The UK Government’s decision to end subsidy payments for onshore wind farms a year early could face a challenge in the courts.
Scottish Energy Minister Fergus Ewing warned that scrapping the “renewables obligation” scheme could result in legal action being taken by the green energy sector.
He accused the Conservative Government at Westminster of having “ignored the concerns” of businesses, as he said the move could cause “huge uncertainty“ for investors.
Mr Ewing said: “Therefore we have warned the UK Government that the decision, which appears irrational, may well be the subject of a judicial review.”
The Energy Minister insisted: “The decision by the UK Government to end the renewables obligation next year is deeply regrettable and will have a disproportionate impact on Scotland as around 70% of onshore wind projects in the UK planning system are here.”
He hit out after the UK Government announced it would be ending new subsidies for onshore wind farms by closing the existing payments schemes a year early – a move which industry body Scottish Renewables said could put up to £3 billion of investment at risk.
The Tories had made ending the scheme a general election pledge, arguing wind farms “often fail to win public support and are unable by themselves to provide the firm capacity that a stable energy system requires”.
UK Energy Secretary Amber Rudd said the payments had been “deployed very successfully”, but added that “there comes a point where we have to say ’that is sufficient for now“’.
Ms Rudd told BBC Radio Scotland’s Good Morning Scotland programme: “It has been a success story in Scotland, it has been a success story in all the UK. It’s been so successful we have reached what we think is the right amount to deploy.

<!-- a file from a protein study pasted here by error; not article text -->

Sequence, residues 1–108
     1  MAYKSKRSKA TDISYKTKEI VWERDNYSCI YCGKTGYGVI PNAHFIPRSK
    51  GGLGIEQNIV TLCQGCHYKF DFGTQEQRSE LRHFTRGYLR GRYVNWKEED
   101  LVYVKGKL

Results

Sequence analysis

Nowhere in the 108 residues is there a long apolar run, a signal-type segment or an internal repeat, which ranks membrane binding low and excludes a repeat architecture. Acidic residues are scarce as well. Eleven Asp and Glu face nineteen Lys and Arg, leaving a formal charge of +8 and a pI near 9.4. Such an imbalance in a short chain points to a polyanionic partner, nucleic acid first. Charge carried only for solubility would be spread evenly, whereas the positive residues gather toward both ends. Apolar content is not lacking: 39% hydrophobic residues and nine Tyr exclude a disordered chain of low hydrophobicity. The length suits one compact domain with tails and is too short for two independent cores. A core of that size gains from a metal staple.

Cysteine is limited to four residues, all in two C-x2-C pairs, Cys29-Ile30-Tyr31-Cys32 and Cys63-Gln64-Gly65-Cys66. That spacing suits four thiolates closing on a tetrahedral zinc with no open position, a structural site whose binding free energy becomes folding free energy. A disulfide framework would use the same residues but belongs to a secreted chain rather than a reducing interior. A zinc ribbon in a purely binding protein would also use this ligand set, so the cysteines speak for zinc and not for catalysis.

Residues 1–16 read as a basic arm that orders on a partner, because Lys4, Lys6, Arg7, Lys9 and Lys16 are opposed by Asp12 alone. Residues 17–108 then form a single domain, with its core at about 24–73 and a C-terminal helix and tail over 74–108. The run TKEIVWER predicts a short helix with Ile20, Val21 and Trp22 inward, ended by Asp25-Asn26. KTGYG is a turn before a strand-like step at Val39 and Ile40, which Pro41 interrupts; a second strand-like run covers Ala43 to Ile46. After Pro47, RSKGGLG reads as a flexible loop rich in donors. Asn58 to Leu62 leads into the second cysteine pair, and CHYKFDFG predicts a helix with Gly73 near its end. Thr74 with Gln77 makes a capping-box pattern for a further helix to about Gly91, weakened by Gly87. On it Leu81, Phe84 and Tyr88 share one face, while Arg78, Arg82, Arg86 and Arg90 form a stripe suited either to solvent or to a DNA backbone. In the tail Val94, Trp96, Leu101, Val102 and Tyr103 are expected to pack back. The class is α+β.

“Don’t forget these subsidies are paid for by UK bill-payers, it’s an issue of managing the costs to billpayers. We think this is the right amount to reach.”
She added: “We always said we wanted a mix of renewable energy, we think this is the right level to adjust that mix to ensure we don’t have any onshore wind, in terms of wind farms, on the scale that we have been having them.
“We’re continuing to support off shore wind and solar up to a point but we really hope we will soon approach a level where most of these technologies will be subsidy free, because that has to be the goal, it can’t be endless subsidy to the industry.”
The UK Government minister added that any legal challenge to the decision would be “most unwelcome”, but stated: “We’ll cross that bridge when we come to it.”
But Mr Ewing said: “The UK Government has ignored the concerns of businesses and organisations who are integral to the future energy security of both Scotland and the UK, as well as to environmental organisations who recognise the importance of renewable energy in helping reduce emissions.
“The UK Government have chosen to place at risk a huge investment pipeline, conceived in good faith by developers based on statements from the UK Government.
“The decision will cause huge uncertainty for investors not just in onshore but across the renewables sector as a whole.